Election Pitfall: Hating on Hillbillies

All I want for Christmas is for our presidential candidates to be struck dumb for a week or two, maybe even through the Republican primary votes in Iowa and New Hampshire. Imagine Newt and Mitt, Ron and Michele, their mouths opening and closing like fish. Getting all red-faced and frustrated when nothing comes out. And while I’m at it, let’s silence the pundits, too. And the screeching partisans indulging in bitterness and fury, sneering and hate.

It’s not that democracies don’t need debate. We surely do. We don’t even have to be particularly civil. I mourn the loss of Christopher Hitchens, who was himself a champion sneerer. The difference was that his scorn was always just the icing on a passionately reasoned argument, footnoting observations from sources ranging from Greek historians to comic strips.

Most Americans, though, have grown to believe the sneer is the argument, and that personal insults about hairstyles and lifestyles and places of worship and of origin have the same weight as logic and reason. It dooms us when we try to solve complicated problems like the economy or foreign policy, education or healthcare, and deepens ordinary divisions like region, ethnicity, and class.

A couple weeks ago, New York’s condescending, arrogant, Muslim-baiting Republican Representative Peter King indulged in casual slurs, describing Newt Gingrich as condescending and arrogant with “a Southern, anti-union attitude that appeals to the mentality of hillbillies at revival meetings.”

A few days later, when news broke about a church in a small Kentucky town that banned an interracial couple from attending, many of the comments could be summed up as saying, “That’s terrible, but what can you expect in a barbaric place like that?” Because the American South, including Kentucky and Newt’s Georgia, of course, has a lock on bigotry.

It gave me flashbacks to Election 2000. That was the year Al Gore went around trying not to use four syllable words, while George W. Bush grinned and drawled and tipped his cowboy hat, and good old Ralph Nader talked about globalization and the working class, while Naderites sneered at comparatively unimportant issues like racism and homophobia.

When the votes were tallied (or not), all the bulletin boards, letters to the editor pages, and other platforms for rants were almost exclusively full of politically correct, blue state types ignoring how Nader split the vote and spilling out their vitriolic hate for “poor white trash” in the red states.

“How stupid could they be pulling the lever for a rich Republican sure to cut their benefits?” “How could they be such idiots?” “Those Bubbas… those hillbillies… voting against their own interests.”

Sometimes they even mentioned Kentucky by name. People that knew me. And knew where I was from. Though perhaps they thought it had worn off, me being up in New York so long. An East Village dyke.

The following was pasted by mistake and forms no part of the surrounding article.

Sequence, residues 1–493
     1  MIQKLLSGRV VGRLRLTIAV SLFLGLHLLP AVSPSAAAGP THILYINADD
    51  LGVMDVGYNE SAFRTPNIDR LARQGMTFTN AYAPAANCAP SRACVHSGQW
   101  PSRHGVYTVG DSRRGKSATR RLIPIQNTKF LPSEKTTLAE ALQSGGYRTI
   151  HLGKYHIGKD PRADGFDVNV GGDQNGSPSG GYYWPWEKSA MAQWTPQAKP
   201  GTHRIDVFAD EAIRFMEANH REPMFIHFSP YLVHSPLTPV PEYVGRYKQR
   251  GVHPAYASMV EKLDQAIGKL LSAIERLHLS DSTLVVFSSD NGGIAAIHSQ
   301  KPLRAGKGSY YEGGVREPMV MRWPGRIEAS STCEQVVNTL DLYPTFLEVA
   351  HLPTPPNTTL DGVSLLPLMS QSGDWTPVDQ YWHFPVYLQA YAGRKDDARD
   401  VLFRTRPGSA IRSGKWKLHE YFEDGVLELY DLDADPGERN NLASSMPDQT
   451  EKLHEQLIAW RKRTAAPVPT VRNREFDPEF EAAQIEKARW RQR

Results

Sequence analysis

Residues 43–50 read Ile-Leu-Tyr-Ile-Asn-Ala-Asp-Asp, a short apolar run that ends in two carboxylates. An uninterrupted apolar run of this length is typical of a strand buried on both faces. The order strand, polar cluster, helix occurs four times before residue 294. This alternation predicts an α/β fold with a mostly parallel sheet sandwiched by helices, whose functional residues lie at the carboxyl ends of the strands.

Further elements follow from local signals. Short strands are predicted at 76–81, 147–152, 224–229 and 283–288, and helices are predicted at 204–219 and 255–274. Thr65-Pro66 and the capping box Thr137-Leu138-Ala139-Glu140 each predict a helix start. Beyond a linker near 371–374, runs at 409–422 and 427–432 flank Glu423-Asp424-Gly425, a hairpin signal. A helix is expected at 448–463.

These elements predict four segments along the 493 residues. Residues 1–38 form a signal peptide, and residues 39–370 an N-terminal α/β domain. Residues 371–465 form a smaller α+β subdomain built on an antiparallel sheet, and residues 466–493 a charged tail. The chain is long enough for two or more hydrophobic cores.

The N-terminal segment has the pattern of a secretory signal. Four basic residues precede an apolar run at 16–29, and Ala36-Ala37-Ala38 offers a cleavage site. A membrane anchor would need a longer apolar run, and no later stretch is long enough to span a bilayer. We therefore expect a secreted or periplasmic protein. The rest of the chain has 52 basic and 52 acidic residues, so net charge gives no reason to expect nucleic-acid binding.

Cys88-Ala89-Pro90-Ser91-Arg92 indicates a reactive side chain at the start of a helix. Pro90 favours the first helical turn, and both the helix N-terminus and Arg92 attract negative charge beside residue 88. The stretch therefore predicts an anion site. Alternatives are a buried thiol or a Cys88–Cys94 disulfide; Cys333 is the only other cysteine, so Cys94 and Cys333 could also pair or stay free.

Pundits explained it was a kind of delusion, poor Americans voting for the rich, charming, down-to-earth Bush because they wanted to believe they could one day be like him — and that pulling the Republican lever might give them a share in his good fortune. That may have been partly true. But it was strange no one said the obvious. That maybe they — we — just didn’t want to vote for stuck-up Gore or sneering Greens that talked about class and poverty but clearly despised us, knowing nothing about our lives or culture beyond the TV stereotypes that exist in shows like “The Beverly Hillbillies,” which have been reincarnated in “Hillbilly Handfishin’,” “Redneck Riviera,” and “American Hoggers.”

These shows laugh at us, not with us. Pretend places like Atlanta or Louisville don’t exist, and nobody there is struggling for progressive change. Ignore social complexities. How a man like my uncle might still use the word “colored,” but was more comfortable with his black co-workers at the factory than with his university-educated children. Maybe his black co-workers weren’t equally comfortable with him, but they weren’t at war.

In the imagination of this country, the South isn’t just more conservative and religious, it’s the sole repository of inbred idiots and genuine all-consuming bigotry, as if racism or homophobia in Cincinnati or LA doesn’t really count. As if there’s no interstate trafficking in stupidity and hate. And poor people are even more stupid and degenerate if they speak with a twang.

What is this but an attempt to feel superior, for certain regions to feel absolved of our difficult history? It doesn’t matter that for every James Byrd Jr., there’s an Abner Louima. In ’92, New York City tried to get schools to accept the Rainbow Curriculum teaching school kids that everybody in the city was worthy of respect. But whites hated it because it validated people of color. Blacks and Latinos and whites hated it because it included queers.

Ah, the United Hates of America. Can’t we put a lid on it? Just for the holidays?